ST. ALBANS CITY — Roughly one year ago St. Albans City merchants and residents were meeting to discuss the number of empty downtown storefronts. Now, out of nearly 60 Main Street locations there are just two empty spaces, both at the edge of downtown.

“One of the challenges we’ve had with Main Street is that we have buildings that have been vacant and suddenly you have three to four people interested,” said Marty Manahan, the city’s director of business development.

The city’s downtown has become increasingly busy since the completion of the streetscape project. “I think people are enjoying the downtown and realizing downtown is the backbone of our community,” said Manahan.

Two new businesses are scheduled to open in the coming weeks – a UPS store and Imagination, a new antique and gift shop operated by Peter Dashno and Pauline Cray, who previously owned Back Inn Time.

They join other recently opened business such as the Avenue A clothing shop, Hello Again resale shop, and Just the Place.

In addition to preparing for the opening of their shop on Nov. 8, Cray and Dashno are also deeply involved in designing and making holiday decorations for downtown. “It’s going to be simple and elegant,” said Dashno.

Just the Place, which opened this fall, rents space to artisans. Most are from Vermont, some are from developing nations. “Our stock is always changing,” said co-owner David Chambers.

With the addition of Just the Place and Imagination, downtown now has a number of shops selling items not readily found elsewhere. “People who are looking for that kind of stuff aren’t going to Walmart,” said Manahan.

Filling the storefronts is key to downtown’s success, but it isn’t the only factor city staff and officials are examining.

Another question is what is the right mix of retail, restaurants, services and residential space for downtown. With first floors mostly filled, the city is considering how to maximize the value of the upper floors in downtown buildings. The floors above TD Bank, for example, are filled with attractive office space, but aren’t handicapped accessible, pointed out Manahan.

Apartments located over Jeff’s Maine Seafood were rehabilitated as part of the work on that building. They now provide living space for employees of Mylan Technologies, Inc. and other area businesses, said Manahan.

Manahan has met with numerous potential tenants for downtown buildings. “The number one question is parking. That’s where this garage, I think, is going to play a key role,” he said.

The parking garage is scheduled for construction next year in the city’s core parking lot. Once it’s complete merchants, their employees and tenants will be able to park there, freeing up parking on Main Street for customers and diners.

The city has added some spaces to downtown already. As part of the streetscape project, the city closed access to three alleyways on Main Street. Those closures made it possible to add parking spaces to the western side of the street, many in front of key business locations.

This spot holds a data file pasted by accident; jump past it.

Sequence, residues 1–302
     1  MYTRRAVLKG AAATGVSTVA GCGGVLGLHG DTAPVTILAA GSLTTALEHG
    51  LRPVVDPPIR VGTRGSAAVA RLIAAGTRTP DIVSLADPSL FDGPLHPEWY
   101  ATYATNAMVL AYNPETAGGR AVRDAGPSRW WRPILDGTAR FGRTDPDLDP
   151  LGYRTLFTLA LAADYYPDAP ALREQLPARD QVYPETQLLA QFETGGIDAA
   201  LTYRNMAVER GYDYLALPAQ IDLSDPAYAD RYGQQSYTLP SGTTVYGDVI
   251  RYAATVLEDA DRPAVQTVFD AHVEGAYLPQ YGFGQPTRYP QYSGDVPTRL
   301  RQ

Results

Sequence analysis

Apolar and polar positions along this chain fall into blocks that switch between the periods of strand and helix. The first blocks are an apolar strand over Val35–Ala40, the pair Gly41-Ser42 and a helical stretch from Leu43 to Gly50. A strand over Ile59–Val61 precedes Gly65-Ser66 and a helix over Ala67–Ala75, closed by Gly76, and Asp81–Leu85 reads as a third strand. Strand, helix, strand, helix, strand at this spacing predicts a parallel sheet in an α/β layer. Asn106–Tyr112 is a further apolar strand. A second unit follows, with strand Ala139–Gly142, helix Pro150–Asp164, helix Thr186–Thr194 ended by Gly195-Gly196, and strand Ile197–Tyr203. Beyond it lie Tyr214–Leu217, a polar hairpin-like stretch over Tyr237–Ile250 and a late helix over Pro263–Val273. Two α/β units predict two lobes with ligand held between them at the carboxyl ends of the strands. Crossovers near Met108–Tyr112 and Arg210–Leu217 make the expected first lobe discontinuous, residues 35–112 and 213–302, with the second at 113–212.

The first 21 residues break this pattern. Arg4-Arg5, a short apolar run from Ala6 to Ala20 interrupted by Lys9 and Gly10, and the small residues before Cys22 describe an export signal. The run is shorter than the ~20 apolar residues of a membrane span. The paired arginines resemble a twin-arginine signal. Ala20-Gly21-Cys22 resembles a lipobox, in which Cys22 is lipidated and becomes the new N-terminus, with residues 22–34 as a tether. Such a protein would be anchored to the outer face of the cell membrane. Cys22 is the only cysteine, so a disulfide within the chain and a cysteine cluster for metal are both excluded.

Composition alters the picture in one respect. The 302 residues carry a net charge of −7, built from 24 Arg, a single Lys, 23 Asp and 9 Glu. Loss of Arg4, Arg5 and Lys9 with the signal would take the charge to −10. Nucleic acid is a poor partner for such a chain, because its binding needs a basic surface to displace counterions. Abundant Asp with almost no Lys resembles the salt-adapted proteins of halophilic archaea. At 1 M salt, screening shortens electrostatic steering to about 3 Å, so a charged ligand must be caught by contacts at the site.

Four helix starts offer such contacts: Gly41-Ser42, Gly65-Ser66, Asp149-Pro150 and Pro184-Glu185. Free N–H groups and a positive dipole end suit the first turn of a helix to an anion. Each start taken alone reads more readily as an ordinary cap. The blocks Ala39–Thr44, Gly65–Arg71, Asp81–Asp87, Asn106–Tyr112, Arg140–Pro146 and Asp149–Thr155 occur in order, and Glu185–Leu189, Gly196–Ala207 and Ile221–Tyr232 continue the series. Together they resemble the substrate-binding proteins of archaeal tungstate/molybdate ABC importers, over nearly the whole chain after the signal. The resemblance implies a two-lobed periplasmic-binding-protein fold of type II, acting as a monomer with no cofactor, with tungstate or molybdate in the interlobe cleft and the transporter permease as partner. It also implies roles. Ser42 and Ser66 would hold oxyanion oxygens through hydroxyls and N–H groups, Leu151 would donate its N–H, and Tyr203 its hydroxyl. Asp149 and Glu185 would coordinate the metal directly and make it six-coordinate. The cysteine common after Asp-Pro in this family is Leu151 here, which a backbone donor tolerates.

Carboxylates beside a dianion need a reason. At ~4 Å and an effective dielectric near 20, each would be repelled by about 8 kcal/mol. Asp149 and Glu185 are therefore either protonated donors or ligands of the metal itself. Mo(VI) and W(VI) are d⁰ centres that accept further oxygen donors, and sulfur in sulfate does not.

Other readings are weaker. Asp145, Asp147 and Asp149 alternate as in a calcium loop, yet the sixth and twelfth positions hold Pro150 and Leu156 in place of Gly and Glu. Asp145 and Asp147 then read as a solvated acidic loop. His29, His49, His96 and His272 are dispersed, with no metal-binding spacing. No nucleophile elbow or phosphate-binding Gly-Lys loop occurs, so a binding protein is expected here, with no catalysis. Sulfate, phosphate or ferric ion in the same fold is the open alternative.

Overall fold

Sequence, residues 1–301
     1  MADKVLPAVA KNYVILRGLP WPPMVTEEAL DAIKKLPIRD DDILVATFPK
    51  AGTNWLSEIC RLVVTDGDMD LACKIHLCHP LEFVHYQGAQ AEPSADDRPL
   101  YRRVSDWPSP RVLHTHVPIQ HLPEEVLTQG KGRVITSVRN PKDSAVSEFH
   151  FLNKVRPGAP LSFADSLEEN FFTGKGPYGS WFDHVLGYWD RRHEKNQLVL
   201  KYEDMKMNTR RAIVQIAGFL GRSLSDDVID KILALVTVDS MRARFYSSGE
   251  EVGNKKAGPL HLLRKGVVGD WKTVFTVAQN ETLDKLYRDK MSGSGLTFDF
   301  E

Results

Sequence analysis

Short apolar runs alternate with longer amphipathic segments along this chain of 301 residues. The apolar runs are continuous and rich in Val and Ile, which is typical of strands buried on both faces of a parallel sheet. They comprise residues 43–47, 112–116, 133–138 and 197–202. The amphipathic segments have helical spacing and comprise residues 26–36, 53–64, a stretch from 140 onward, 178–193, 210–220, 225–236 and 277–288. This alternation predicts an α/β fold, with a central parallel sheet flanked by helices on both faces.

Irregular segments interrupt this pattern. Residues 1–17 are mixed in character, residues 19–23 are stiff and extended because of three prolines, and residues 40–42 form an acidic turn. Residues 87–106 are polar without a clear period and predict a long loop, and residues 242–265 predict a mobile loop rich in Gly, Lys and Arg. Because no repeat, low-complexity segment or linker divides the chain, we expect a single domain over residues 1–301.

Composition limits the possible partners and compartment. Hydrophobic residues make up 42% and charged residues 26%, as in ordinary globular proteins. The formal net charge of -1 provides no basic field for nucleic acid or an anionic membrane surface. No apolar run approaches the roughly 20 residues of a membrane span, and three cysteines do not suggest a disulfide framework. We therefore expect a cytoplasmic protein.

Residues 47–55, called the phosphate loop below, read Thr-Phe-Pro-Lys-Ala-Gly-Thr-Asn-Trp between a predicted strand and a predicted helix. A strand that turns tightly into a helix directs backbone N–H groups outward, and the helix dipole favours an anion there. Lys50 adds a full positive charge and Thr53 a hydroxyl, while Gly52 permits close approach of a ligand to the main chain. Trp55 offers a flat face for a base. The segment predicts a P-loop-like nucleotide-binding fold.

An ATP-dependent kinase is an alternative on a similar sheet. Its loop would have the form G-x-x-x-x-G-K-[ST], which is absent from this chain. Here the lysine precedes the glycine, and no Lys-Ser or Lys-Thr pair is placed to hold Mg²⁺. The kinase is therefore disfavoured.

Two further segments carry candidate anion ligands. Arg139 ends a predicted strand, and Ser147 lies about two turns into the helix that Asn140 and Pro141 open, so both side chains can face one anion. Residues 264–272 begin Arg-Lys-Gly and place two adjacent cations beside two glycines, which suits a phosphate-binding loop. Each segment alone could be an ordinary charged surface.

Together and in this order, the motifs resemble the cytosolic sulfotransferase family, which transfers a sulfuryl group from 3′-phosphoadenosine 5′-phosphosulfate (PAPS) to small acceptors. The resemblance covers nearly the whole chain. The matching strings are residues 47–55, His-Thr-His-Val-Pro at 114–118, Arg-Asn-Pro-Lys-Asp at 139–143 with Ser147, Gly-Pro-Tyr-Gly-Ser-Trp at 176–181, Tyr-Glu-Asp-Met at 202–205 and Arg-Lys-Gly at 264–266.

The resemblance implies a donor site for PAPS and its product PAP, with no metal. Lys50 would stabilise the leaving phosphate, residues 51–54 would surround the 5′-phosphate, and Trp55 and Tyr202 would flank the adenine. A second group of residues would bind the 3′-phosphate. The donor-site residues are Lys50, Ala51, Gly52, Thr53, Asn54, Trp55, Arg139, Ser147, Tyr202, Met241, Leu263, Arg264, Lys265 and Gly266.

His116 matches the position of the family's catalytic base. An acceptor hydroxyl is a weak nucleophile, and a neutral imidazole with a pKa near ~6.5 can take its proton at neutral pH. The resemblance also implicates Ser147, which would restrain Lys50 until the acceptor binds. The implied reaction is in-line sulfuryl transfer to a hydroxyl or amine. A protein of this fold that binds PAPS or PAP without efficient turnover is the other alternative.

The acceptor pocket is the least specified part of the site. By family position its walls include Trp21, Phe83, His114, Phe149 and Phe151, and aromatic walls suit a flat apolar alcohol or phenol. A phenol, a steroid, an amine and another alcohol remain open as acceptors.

The streetscape also created new sidewalk spaces for merchants and restaurants to use. The bumped out sidewalk spaces in front of Twiggs gastropub quickly became a popular outdoor dining spot, but it also brought some additional traffic into nearby retailers, according to Manahan. While eating outside, diners have time to look into nearby shop windows, he explained.

The city offers façade grants to help businesses pay for the cost of improving their storefronts. Multiple businesses and building owners already have taken advantage of the program. Rather than wait for others to come forward, the city is actively working with architects to create possible designs and then bringing those designs to business owners.

Fresh paint, awnings and signs are the main improvements.

Although Main Street is filling up, there are still vacancies on Kingman and Lake streets. There are three empty storefronts on the upper blocks of Lake Street, but they’re in buildings that are being renovated.

There also are three vacancies on Kingman Street. However, the construction of a new state office building on the corner of Federal and Kingman streets will likely make those storefronts more attractive to businesses, Manahan suggested.

In addition businesses already located on Kingman are planning some changes, according to Manahan, who said residents “will probably see a change in the business atmosphere,” on Kingman.

There is also hope for another empty Kingman building, the former courthouse on the northern corner of Kingman and Federal streets. “I think you’ll see something with that sooner rather than later,” said Manahan.

There also are multiple sites for potential development, including the Handy lots on Main and Lake streets, and the Fonda site on Lower Newton Street.

Because the city is both a designated downtown and a designated growth center, permitting is somewhat easier than in other locations. The downtown designation qualifies some city buildings for tax credits that have been used to help pay for renovations to several buildings. “We’re in a very fortunate position,” said Manahan.

The city’s current growth is the result of work done by several administrations and city councils, along with citizens who volunteered their time, according to Manahan. “What you’re seeing now happened over year and years of planning,” he said.